Bull sports are a modern sporting discipline. The disciplines are tailored to the bull & terrier types of breed, which include English Bull Terrier, The Miniature Bull Terrier, the Staffordshire Bull Terrier, American Staffordshire Terrier and the American Pit Bull Terrier.
The Czech Bull Breeds Cup 2015 covers these 5 disciplines:
Weight Pull – towing a load. The dog is put in a special towing harness and has to pull a cart, to which burdens are added. The winning dog is the one to tow the biggest load, or by conversion takes the greatest load for its body weight over a given distance within a certain time limit.
Weight Pull Sprint – towing a load in the fastest time. The dog tows the load along the given course – usually 50-100m, with a load weight of 200 kg.
Wall Climbing. The winning dog is the one to climb highest up a wall, biting into a bait and hanging on, for at least 5s.
High Jump. The dog jumps up at a bait and has to hang on to it for at least 5s to count as a valid attempt. The winning dog is the one to jump the highest, typically around 2 metres.
Monkey Track. This is about overcoming barriers as in agility trials, except that the dog is tethered to the handler and has to overcome the obstacles in the shortest possible time without any mistakes.
Bull sports covers yet more disciplines:
Long jump. The dog jumps off a launchpad onto sand, going after a bait lure. Some dogs can leap 7-8 metres.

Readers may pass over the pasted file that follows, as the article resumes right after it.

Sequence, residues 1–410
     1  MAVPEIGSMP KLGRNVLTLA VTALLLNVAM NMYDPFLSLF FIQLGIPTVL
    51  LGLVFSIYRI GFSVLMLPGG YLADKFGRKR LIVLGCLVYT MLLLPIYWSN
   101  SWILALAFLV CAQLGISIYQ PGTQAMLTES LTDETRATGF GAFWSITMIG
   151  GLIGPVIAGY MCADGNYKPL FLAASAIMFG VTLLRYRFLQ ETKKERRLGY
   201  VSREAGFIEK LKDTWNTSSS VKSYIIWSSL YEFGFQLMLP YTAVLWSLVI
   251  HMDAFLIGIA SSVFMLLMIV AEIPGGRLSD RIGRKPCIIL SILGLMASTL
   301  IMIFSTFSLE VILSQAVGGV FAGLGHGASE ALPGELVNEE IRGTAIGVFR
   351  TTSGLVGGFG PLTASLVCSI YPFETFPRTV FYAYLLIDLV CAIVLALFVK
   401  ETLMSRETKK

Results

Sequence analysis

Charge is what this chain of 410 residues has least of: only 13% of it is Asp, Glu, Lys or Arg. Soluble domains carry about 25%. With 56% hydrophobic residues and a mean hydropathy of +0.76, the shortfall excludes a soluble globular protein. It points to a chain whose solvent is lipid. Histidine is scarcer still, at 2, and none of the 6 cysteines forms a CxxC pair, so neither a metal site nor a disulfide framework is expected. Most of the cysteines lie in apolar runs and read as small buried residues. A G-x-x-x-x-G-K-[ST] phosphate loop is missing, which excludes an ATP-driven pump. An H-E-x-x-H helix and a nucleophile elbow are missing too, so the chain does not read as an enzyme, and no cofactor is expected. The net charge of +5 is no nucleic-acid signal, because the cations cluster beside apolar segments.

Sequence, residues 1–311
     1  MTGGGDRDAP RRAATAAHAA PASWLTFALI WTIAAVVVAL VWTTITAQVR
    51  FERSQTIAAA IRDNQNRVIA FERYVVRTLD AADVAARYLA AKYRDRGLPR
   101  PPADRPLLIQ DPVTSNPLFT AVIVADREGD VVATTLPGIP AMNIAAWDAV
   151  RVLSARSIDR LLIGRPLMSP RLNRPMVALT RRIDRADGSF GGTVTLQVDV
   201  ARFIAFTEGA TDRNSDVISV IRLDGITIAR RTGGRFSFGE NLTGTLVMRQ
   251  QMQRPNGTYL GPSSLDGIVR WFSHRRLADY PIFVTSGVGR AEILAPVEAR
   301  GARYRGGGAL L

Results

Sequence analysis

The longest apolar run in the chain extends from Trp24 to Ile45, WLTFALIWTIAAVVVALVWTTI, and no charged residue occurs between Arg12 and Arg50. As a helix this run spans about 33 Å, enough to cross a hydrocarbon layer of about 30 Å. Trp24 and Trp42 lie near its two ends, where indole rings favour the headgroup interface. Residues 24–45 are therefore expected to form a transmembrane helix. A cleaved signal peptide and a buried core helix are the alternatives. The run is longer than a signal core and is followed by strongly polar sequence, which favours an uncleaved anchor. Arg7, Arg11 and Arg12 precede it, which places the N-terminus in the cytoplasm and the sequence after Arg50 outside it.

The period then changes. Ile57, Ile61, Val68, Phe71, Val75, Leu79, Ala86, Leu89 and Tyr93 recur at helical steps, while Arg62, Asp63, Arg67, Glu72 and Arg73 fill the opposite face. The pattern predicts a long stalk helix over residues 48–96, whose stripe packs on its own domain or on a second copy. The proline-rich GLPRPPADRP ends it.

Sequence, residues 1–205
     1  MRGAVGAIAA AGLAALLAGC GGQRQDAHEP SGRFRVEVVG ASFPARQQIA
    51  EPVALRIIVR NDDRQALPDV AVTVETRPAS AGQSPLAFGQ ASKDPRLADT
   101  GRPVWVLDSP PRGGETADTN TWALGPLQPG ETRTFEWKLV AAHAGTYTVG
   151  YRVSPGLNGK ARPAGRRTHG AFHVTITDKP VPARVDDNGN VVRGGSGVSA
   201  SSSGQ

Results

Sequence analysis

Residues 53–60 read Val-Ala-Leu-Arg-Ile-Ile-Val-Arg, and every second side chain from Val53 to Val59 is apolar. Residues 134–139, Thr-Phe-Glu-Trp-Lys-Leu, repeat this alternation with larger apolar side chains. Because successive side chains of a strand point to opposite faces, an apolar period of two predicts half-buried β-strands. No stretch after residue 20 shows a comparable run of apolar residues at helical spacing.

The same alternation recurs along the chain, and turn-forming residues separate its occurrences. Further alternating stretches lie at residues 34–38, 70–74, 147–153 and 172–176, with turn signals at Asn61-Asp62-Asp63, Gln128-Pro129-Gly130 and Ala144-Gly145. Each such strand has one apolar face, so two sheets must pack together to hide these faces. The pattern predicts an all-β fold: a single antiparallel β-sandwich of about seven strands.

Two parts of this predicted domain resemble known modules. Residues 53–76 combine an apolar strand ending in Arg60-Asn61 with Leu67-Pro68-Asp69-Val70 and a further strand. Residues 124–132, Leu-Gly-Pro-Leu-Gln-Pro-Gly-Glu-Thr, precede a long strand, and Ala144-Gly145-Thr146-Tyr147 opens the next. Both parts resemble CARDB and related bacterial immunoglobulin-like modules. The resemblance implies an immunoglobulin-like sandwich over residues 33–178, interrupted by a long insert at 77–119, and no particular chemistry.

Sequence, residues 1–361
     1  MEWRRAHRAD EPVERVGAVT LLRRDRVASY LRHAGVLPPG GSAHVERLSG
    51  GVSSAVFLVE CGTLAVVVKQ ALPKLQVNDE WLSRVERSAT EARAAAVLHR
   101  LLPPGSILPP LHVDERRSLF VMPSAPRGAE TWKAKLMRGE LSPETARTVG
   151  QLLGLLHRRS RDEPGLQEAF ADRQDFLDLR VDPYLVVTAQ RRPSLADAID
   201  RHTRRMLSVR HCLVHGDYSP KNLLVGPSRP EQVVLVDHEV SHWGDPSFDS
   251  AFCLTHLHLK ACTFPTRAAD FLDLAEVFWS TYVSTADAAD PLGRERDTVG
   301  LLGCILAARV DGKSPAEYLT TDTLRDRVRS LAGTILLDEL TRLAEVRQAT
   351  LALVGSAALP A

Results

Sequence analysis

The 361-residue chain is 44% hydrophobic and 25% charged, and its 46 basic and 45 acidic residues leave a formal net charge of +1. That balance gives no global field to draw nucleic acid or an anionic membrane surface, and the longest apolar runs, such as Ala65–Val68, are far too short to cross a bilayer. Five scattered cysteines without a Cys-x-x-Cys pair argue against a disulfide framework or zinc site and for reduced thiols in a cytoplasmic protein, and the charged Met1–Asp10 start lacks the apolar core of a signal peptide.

High time – endurance suspension. The dog leaps up to bite on a bait and the winner is the one that hangs on the longest.
Tug of war – a discipline where two dogs compete pulling on a tag bait. The winner is the dog that wins against the most competitors.
Triathlon – consists of running, swimming and running at the wheel. Track lengths vary, usually up to 10 km. Each dog and its handler are joined with a pull cord. The fastest pair wins.
A-frame – a contest over a special A-shaped obstacle. The dog’s task is to jump over the obstacle for one minute there and back again. The dog that manages the most jumps is the winner.
Treadmill Race – the dog runs on a treadmill with a distance meter. The winner is the dog that covers the longest distance in two minutes.
All the bull sports disciplines are very demanding physically. Training has to be well phased, the demands made have to go up gradually and the canine athlete has to be well prepared for outstanding performance. A high quality, balanced diet is an essential part of the training process. Daniel Žďárský has for some years now been relying on Fitmin performance, because that way he keeps his dogs on top form for most of the year. In the sporting break he feeds them Fitmin maintenance. For variety he feeds his protégés FFL dog menu Meat Mix 427g, as he puts it, so they can enjoy a good steak. Pregnant females and puppies are fed Fitmin puppy and Fitmin milk. Daniel Žďárský likes the Fitmin range for medium sized dog breeds, allowing him to make up the feed mix to best suit the current condition and demands made on the dog.